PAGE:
Today is Easter. A notable Christian holiday. The important Christian holiday. I will hear a lot of “Hallelujah” and “blessings” today – both digitally on Facebook and from live people.
I don’t talk a lot about my faith. It is highly personal to me. I also have studied history – and I love church history. But it also breaks my heart.
The Church (when I capitalize like this, I mean the “organized, hierarchical groups” – NOT the church which is the “body of Christ”) has done a lot of harm over the centuries. That harm is still being committed today. People don’t like to think they are doing wrong, but that is exactly what we are supposed to do.
I am fortunate that I am able to attend a Seder every year. The Haggadah is the story of the Exodus and a reminder to the Hebrew heritage (and Jewish faith) that they suffered in Egypt. This reminder is also a call (at least at the Seder I get to attend) to remember the orphans, remember the hungry & oppressed in every form.
It is powerful to me that this could be some of the language which Jesus himself used at his last Passover. I’ve been told that christian communion is an “abbreviated” Passover – but I think churches that never follow-up with a full-length Passover lose something in the translation. Like any abridgment, the nuances of the message get lost. And over time they have been forgotten.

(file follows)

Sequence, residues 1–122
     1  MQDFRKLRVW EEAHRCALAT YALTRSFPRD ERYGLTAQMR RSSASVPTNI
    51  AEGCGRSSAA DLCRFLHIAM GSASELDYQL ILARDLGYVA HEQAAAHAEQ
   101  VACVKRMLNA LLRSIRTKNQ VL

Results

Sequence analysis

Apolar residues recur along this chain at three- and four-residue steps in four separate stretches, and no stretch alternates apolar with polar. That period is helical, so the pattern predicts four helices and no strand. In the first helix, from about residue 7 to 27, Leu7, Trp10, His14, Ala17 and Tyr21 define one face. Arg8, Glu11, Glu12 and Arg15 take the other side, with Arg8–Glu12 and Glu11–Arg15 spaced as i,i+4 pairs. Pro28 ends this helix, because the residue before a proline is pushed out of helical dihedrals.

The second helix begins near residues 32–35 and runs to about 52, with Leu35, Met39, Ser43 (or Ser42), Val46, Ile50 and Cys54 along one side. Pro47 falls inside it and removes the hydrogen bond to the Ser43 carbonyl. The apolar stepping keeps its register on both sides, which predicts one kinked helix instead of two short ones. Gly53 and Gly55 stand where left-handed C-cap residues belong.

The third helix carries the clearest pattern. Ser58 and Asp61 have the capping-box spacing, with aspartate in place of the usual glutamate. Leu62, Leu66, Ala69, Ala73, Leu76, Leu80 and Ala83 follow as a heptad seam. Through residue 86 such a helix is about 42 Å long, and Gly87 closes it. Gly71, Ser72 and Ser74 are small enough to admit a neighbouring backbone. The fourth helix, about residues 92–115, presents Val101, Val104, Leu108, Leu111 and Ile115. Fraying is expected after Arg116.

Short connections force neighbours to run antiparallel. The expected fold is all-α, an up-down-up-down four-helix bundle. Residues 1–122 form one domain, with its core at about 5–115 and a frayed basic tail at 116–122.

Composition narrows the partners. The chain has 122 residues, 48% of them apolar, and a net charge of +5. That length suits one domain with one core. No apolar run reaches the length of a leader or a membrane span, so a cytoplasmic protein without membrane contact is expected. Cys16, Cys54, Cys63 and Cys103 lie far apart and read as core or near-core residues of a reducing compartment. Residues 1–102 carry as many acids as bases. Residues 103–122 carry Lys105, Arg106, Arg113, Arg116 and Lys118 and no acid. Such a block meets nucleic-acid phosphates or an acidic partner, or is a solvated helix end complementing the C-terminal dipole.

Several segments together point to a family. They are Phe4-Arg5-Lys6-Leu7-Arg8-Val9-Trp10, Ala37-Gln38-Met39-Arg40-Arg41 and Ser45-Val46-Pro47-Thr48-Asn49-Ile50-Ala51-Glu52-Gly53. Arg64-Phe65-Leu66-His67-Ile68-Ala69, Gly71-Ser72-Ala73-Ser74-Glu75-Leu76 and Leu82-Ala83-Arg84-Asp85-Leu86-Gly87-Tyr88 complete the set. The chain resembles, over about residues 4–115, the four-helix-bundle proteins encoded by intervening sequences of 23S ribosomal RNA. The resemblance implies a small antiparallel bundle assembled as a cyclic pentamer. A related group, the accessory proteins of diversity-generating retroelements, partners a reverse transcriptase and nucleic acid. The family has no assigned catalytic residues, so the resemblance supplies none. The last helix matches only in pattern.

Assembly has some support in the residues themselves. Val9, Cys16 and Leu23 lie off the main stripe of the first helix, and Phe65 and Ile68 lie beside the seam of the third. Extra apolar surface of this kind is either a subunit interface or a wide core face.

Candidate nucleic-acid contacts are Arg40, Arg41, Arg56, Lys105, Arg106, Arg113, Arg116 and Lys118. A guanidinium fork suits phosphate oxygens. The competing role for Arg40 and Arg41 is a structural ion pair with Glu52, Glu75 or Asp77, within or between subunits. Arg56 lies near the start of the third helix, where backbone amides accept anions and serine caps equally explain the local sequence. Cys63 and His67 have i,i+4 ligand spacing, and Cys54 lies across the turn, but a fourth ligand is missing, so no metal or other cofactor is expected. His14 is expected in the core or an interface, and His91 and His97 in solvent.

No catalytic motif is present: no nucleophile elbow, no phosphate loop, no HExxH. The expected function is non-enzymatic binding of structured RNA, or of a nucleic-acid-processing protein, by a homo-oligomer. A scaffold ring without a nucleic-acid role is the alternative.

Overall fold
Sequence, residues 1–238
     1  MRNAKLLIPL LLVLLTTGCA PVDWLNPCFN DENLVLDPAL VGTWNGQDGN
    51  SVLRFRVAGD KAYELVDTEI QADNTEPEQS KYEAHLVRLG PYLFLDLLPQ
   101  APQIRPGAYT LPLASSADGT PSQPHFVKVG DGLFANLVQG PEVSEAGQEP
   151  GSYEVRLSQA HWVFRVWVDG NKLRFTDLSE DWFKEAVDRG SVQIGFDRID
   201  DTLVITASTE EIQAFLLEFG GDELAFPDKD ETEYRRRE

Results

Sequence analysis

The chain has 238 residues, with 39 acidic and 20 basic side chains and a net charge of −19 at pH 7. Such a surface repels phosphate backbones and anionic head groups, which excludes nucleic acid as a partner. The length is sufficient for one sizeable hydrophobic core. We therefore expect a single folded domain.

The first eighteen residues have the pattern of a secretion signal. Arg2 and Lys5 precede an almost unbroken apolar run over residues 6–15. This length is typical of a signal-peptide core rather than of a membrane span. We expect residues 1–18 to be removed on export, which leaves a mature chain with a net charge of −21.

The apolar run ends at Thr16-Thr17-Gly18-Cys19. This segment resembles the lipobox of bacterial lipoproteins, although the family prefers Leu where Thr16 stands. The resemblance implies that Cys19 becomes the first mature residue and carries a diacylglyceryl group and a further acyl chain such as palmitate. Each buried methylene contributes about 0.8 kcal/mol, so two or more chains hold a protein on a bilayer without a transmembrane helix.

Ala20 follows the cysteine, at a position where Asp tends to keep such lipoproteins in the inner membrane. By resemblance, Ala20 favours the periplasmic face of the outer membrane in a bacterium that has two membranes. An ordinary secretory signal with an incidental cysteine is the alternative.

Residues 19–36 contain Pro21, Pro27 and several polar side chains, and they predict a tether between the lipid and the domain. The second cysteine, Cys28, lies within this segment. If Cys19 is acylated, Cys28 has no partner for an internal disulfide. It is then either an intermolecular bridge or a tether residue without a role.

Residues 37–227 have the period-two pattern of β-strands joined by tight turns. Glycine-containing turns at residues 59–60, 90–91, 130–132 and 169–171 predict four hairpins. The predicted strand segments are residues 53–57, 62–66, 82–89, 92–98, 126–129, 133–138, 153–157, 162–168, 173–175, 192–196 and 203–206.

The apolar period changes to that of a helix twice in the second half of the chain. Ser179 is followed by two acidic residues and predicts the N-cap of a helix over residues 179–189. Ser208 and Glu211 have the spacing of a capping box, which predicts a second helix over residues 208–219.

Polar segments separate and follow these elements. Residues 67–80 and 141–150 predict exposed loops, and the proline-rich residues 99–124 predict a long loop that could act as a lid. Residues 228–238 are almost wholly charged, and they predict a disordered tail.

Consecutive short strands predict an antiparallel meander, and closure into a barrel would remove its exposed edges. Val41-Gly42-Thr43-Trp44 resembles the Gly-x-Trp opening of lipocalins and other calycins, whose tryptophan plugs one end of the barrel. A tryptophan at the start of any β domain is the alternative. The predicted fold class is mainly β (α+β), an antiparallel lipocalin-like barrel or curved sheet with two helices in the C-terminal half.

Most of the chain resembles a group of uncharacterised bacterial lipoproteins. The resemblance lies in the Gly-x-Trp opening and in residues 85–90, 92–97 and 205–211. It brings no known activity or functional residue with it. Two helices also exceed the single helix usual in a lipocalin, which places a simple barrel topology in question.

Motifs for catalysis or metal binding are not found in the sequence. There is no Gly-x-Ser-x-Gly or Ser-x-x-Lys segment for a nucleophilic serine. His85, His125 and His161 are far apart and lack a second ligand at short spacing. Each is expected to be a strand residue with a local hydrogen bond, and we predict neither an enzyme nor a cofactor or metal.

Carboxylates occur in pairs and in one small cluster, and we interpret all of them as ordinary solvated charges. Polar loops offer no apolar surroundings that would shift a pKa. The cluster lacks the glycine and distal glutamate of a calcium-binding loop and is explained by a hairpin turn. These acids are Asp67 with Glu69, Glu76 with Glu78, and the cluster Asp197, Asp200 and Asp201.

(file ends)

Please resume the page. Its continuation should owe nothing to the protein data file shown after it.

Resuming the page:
How can we say we offer “each other” blessings in the faith of Christianity if we only bless those whom it’s easy to like and love? How can we offer blessings only to those who are already blessed with heath, wealth, & freedom?
Today especially, I feel a call to cast a blessing on those seeking refuge in my country – my safe and beautiful country. As the children were brought out of Europe in the 1930s, how could I do less for the children of Syria? I have called my US representatives before on this matter, but I think I will begin doing so more – keep up the conversation because I believe, that I can wish blessings on those who just look like me – I must seek blessings for those who need it the most.